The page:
AIDS a Black disease?
Carol Ozemhoya | OW Contributor | 2/8/2018, 11:17 a.m.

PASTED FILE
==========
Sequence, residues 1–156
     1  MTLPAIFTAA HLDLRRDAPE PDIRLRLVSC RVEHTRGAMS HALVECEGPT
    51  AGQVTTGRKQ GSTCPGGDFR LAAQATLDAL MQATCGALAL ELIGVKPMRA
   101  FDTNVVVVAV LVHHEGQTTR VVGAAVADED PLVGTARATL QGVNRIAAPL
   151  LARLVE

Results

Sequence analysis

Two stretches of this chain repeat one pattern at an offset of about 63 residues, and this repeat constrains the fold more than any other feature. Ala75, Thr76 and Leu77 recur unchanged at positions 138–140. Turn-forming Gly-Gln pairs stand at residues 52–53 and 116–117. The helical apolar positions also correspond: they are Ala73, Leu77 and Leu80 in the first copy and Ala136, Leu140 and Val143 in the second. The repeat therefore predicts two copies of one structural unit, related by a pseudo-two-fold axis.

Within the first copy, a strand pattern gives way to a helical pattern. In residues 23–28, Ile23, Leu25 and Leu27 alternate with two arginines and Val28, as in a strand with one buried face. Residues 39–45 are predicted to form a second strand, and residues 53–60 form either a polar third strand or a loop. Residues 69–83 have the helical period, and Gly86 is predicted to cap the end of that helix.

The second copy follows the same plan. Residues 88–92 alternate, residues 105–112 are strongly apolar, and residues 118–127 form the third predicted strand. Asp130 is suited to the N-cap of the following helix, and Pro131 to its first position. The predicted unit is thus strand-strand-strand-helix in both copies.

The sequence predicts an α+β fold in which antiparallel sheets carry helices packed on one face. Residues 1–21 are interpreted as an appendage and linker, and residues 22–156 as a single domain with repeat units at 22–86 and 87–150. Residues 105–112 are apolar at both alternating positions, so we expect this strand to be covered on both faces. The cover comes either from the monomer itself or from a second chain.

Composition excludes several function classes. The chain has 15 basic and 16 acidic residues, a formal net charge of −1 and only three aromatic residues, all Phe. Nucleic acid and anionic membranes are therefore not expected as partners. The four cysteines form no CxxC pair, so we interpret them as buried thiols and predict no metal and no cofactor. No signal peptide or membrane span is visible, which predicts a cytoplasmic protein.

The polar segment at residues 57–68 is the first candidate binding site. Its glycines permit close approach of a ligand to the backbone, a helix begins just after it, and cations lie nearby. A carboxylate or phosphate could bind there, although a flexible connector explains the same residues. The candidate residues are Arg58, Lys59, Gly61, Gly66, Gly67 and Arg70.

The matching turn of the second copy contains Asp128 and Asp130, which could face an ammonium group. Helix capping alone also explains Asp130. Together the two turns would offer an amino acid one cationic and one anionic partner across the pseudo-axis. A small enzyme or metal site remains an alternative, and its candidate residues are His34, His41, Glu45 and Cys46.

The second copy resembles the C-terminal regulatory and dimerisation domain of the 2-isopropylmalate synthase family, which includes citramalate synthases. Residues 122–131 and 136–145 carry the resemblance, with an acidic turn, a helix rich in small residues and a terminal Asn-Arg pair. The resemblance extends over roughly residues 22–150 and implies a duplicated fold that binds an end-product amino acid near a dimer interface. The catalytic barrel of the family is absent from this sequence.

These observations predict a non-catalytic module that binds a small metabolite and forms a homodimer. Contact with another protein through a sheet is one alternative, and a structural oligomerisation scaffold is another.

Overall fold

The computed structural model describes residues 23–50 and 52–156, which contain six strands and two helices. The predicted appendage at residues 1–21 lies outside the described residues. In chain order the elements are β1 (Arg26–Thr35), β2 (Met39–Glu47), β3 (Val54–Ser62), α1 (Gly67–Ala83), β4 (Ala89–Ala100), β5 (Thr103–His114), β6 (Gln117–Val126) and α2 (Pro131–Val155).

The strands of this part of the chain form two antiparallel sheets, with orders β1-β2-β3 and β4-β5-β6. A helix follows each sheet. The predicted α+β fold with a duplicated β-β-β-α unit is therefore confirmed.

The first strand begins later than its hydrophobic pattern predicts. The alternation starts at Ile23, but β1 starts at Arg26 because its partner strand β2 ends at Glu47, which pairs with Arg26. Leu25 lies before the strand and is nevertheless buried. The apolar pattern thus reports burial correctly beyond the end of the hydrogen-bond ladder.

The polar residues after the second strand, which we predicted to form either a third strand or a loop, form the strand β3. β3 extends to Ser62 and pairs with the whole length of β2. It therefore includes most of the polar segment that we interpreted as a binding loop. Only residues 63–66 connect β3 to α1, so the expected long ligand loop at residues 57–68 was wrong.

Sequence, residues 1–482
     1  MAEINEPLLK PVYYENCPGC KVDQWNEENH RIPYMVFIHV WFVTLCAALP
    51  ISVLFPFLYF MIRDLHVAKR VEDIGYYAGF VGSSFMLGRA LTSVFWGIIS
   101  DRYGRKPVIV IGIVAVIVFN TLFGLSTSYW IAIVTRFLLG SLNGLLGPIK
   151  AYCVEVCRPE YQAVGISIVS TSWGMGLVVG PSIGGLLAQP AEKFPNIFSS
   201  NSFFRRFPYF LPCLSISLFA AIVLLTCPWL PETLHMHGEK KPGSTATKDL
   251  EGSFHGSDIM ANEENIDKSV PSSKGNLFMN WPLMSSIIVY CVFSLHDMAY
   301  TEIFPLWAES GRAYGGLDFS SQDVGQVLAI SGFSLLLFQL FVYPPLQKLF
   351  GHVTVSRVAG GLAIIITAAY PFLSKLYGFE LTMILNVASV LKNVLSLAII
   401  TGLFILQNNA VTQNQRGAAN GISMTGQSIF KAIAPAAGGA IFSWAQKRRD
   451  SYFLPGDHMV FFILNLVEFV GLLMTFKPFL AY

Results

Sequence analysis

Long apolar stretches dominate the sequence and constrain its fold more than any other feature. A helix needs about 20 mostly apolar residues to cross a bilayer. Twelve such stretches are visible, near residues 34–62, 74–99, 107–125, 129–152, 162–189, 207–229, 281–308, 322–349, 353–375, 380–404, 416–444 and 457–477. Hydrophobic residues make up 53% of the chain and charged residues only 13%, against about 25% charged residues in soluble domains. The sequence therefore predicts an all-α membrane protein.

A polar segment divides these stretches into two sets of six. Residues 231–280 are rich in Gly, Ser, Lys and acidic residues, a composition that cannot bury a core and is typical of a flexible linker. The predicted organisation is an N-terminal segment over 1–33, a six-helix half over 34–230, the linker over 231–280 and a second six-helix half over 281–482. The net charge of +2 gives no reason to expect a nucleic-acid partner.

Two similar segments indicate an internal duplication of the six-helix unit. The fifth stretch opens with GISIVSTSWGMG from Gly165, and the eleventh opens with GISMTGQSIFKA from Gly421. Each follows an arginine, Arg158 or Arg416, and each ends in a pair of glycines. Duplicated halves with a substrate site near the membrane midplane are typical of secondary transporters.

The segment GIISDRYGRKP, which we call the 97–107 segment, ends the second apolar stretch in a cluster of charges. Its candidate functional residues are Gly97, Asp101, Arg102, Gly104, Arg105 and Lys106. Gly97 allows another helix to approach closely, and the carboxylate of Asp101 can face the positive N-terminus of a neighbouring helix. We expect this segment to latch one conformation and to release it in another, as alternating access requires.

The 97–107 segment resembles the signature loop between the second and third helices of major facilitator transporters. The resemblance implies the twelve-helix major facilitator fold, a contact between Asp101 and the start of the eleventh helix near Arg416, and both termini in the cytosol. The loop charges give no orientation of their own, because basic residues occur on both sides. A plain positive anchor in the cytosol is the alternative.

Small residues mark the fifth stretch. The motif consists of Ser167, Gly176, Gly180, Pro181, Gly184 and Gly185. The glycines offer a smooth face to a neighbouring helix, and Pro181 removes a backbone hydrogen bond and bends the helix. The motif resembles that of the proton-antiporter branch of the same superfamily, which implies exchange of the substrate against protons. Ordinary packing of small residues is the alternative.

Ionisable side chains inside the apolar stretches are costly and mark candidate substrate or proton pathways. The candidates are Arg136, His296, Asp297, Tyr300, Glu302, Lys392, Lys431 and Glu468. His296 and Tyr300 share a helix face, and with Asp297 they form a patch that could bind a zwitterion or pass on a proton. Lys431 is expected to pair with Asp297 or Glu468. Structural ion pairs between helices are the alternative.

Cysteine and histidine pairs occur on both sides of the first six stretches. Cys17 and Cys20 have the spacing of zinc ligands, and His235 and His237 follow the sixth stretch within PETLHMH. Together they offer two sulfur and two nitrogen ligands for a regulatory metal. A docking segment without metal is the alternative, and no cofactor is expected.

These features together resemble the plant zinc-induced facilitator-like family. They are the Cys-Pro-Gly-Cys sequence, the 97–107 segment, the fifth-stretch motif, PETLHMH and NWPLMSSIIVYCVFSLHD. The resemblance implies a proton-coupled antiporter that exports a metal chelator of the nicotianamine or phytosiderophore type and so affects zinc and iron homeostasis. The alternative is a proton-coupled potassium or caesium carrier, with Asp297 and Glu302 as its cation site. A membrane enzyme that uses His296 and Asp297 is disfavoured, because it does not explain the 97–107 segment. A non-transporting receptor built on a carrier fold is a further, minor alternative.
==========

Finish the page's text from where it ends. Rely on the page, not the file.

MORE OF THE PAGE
The Huffington Post has posted a piece on how AIDS disproportionately affects Black America. The piece talked about a first hand experience by a Black man who works with the Black AIDS Institute who was part of a group of men carrying a banner for the organization during a King Day parade. Some others began heckling the sign bearers with words such as “All Black people don’t have AIDS” and “You need to take that down. It offends us.” Explained Phil Wilson, “We tried to explain we were raising awareness,” but their efforts were not well received.” The piece was an opinion piece but raised some startling statistics. Today is National Black HIV/AIDS Awareness Day. Many believe the AIDS epidemic is over, in part because HIV does not get the media coverage it used to. But nothing could be further from the truth, especially for Black Americans. According to Wilson, Black communities disproportionately bear the brunt of the HIV/AIDS epidemic in America. Almost half of all new HIV diagnoses in the U.S. in 2016 occurred within the Black community alone, and in the year prior, Black Americans accounted for 52 percent of HIV/AIDS-related deaths in the U.S. These numbers are alarming on their own but carry additional weight when considering Black Americans make up only about 12 percent of the total U.S. population. And when looking at the Black LGBTQ community specifically, the results are even more grim: the Center for Disease Control and Prevention predicts Black gay and bisexual men in the U.S. have a 1 in 2 chance of HIV infection over the course of their lifetime. These statistics ― and the parade hecklers ― prove comprehensive HIV/AIDS awareness is as needed today as it was back in 1999 during the first-ever National Black HIV/AIDS Awareness Day. All Black people don’t have AIDS, and all people with AIDS are not Black; however, AIDS in America is absolutely a Black disease, declares Wilson, who founded the Black AIDS Institute nearly 20 years ago.